By this summer school districts in the Sunshine State could be allowed to erect billboards on the sides of school buses as a way to generated much-needed revenue to alleviate budget woes.
This is the third time the legislature has considered a bill that prescribes restrictions on content, how the ads are to be placed and how school districts can obtain related revenue. The most recent bill failed to pass committee by the time the legislative calendar expired this past spring.
Companion bills authorizing ads on public school buses drew overwhelming support in January but never made it out of committee. Like with that bill, the latest legislation would require 50 percnet of the revenue be allocated for student transportation programs. Additionally, 15 percent would be allocated for school district driver education programs, and 30 percent of those funds would be earmarked for behind-the-wheel instruction and another 35 percent would go to "other programs as determined by the school district."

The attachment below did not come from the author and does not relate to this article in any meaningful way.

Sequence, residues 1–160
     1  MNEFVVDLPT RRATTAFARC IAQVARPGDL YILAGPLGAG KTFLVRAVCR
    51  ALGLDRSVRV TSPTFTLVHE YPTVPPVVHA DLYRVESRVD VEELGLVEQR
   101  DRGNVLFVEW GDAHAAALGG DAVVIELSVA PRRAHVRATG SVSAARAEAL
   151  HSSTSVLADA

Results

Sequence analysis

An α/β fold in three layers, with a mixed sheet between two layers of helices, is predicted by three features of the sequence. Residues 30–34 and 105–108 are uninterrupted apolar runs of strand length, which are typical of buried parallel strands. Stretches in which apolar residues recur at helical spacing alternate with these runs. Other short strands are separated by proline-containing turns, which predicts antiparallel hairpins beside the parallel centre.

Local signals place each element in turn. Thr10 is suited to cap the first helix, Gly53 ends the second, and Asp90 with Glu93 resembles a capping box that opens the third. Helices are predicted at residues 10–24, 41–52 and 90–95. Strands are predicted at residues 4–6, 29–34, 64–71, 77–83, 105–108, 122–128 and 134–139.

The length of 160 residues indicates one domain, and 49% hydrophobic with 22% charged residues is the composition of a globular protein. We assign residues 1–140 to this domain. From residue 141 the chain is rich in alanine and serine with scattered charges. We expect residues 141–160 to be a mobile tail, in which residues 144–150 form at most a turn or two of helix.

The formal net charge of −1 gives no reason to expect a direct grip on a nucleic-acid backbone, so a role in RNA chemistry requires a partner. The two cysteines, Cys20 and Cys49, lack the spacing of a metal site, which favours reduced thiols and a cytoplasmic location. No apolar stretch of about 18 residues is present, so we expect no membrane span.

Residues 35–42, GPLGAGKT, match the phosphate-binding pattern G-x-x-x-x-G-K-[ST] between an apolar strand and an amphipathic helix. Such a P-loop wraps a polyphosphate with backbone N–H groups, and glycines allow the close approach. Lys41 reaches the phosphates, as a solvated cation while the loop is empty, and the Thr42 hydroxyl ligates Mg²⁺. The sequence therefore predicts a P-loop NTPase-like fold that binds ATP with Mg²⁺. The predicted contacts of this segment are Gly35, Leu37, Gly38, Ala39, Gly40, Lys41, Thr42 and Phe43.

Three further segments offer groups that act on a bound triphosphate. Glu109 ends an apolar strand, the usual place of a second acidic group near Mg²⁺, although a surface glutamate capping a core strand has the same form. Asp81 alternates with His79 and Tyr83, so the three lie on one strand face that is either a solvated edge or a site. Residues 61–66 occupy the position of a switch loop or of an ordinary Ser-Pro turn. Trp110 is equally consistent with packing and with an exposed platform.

If a district does not offer driver education, the 15 percent of revenue would go to bicycle or pedestrian safety programs.
The current bill, HB 1, also prescribes that ad content must be "family and child friendly." Restrictions abound but include ads for alcohol, tobacco products, prescription drugs, sexual content, political content, or any content deemed "inappropriate for or offensive or insensitive to children or the community."
Ads on the sides of school buses also could not pose safety dangers to students or other pedestrians, interfere with the operation of any door, window, required letting, lamp, reflector or other safety device or be placed on an emergency evacuation door or interfere with school bus identification.
If passed, a law would go into effect on July 1, 2013.
In January 2011, the Florida Association for Pupil Transportation published a position paper in opposition to school bus ads, arguing that they would be a distraction to other motorists who should be on the lookout for school children.